For the past four decades scientists have monitored the ebbs and flows of the icefields in the southernmost stretch of South America's vast Andes Mountains, detecting an overall loss of ice as the climate warms. A new study, however, finds that the rate of glacier thinning has increased by about half over the last dozen years in the Southern Patagonian Icefield, compared to the 30 years prior to 2000.
"Patagonia is kind of a poster child for rapidly changing glacier systems," said Michael Willis, lead author of the study and a research associate at Cornell University in Ithaca, New York. "We are characterizing a region that is supplying water to sea level at a big rate, compared to its size." The Southern Patagonian Icefield together with its smaller northern neighbor, the Northern Patagonian Icefield, are the largest icefields in the southern hemisphere -- excluding Antarctica. The new study shows that the icefields are losing ice faster since the turn of the century and contributing more to sea level rise than ever before.
Earlier studies determined that between the 1970's and 2000 both icefields, which feed into surrounding oceans as they melt, together raised global sea levels by an average of .042 millimeters each year. Since 2000, Willis and his colleagues found that number increased to 0.067 mm of sea level rise on average per year -- about two percent of total annual sea level rise since 1998.
The Southern Icefield, which Willis and his colleagues focused on, loses around 20 billion tons (gigatonnes) of ice each year, the scientists calculated, which is roughly 9,000 times the volume of water stored by Hoover Dam annually. Cumulatively, the Southern Patagonian Icefield has lost enough water over the last 12 years to cover the entire United States with 2.7 centimeters (about 1 inch) of water. Include melting of both icefields, and that amount increases to 3.3 centimeters (1.2 inches), the scientists report.
The collaborative study between scientists from Cornell University and the Center for Scientific Studies (CECs) in Valdivia, Chile, is set to be published 5 September in Geophysical Research Letters, a journal of the American Geophysical Union.
To map the changing Southern Patagonian Icefield, Willis and his colleagues collected information from two different satellite missions. Using 156 satellite images taken over the 12-year period by NASA's Advanced Spaceborne Thermal Emission and Reflection Radiometer (ASTER) instrument and data from the Shuttle Radar Topography Mission, the scientists mapped how the Southern Patagonian Icefield changed in height and overall size between February 2000 and March 2012.
The team compared its findings with a different set of observations from twin satellites known as the Gravity Recovery and Climate Experiment (GRACE).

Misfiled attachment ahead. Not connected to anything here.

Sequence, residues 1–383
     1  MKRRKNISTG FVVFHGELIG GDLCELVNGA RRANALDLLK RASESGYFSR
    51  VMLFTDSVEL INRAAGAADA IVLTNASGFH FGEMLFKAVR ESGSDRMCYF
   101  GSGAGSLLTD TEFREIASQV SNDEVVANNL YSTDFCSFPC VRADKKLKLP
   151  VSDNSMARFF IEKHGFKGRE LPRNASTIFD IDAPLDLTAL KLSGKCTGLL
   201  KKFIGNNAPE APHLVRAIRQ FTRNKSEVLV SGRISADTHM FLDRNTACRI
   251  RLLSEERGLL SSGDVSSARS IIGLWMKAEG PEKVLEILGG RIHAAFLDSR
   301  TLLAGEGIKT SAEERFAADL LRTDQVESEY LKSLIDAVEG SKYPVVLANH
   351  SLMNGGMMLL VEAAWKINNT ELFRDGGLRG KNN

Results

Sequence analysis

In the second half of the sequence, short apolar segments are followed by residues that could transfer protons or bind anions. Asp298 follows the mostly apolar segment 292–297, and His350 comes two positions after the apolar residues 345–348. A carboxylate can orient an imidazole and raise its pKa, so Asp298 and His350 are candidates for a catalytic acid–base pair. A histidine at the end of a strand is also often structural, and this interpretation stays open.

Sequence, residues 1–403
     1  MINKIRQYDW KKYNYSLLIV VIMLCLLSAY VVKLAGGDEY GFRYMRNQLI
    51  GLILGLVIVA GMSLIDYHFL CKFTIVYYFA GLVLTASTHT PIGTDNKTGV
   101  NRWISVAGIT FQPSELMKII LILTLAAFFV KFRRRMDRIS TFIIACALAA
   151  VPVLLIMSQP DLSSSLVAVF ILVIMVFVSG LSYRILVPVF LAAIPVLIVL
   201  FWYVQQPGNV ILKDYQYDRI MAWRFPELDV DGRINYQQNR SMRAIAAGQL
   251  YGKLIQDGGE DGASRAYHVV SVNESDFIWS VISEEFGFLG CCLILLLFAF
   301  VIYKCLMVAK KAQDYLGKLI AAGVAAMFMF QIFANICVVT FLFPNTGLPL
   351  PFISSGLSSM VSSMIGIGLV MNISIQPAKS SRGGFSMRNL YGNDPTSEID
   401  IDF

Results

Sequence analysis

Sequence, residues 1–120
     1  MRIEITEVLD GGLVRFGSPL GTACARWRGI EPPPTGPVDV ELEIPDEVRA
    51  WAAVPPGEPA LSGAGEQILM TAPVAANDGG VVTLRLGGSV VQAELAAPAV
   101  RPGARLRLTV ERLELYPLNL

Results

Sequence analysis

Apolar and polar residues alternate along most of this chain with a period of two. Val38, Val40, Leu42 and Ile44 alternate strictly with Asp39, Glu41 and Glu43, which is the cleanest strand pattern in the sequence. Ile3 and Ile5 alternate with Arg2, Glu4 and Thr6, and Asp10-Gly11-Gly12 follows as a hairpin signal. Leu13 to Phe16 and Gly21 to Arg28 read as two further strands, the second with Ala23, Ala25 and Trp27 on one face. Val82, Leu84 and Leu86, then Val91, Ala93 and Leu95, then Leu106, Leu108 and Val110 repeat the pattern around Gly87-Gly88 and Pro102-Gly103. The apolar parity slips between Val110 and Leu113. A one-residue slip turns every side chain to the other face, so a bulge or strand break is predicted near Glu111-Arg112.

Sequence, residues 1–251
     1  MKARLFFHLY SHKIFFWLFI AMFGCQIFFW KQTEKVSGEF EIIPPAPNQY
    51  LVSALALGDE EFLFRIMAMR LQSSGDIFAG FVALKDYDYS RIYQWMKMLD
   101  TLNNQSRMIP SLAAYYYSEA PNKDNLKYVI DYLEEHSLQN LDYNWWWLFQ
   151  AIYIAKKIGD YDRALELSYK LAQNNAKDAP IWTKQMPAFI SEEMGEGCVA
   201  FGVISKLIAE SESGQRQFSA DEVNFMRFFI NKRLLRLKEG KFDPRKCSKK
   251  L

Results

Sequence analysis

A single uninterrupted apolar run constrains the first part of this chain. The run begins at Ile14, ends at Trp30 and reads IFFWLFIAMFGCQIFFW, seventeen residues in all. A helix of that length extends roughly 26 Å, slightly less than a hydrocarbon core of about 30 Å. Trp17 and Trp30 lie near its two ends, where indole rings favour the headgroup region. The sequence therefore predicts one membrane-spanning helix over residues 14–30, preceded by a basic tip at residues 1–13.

"Using ASTER, we think that we have a good idea of where things are changing. But with GRACE we get a good idea of when things are changing. So we have this powerful hybrid," Willis said. From their new map, the scientists identified individual glaciers and how much each has thinned -- i.e. shrunk in height -since 2000. On average, the Southern Patagonian Icefield glaciers have thinned by about 1.8 meters (5.9 feet) per year.
"We find some glaciers are stagnant and even that some have advanced slightly but on the whole, retreat and thinning is prevalent," Willis said. "Interestingly, we see thinning occurring up to the highest elevations, where presumably it is coldest."
Warming air temperatures contribute to the thinning at the highest and coldest regions of the ice field, Willis said. Moreover warmer temperatures mean greater chances that rain, as opposed to snow, will fall on and around the glaciers. This double threat of warming and more rain may, in turn, change the amount of water beneath the glaciers. More water means less friction, so the glaciers start to move faster as they thin, moving even more ice in to the oceans. Rising lakes at the front of the glaciers may also play a part as they eat away at the icy edges faster, causing the glaciers to retreat even further.
"Precipitation is a huge component and likely causes large changes in mass input, and therefore net balance," said Alex Gardner, an assistant professor at Clark University in Worcester, Massachusetts, who was not involved with the study but studies glaciers and ice sheets. "[This new research] shows very high rates of mass loss and it would be great to see a follow up study on how lakes modify these rates of loss."
Even though scientists have yet to understand exactly how warming temperatures will continue to influence these South American icefields, this new study provides valuable information for future predictions, Gardner said.
"A study like this really provides a strong data set to validate and calibrate glacial models that we could then use to simulate future changes in glaciers," he said. "Modeling is really the only tool we have to provide future predictions."
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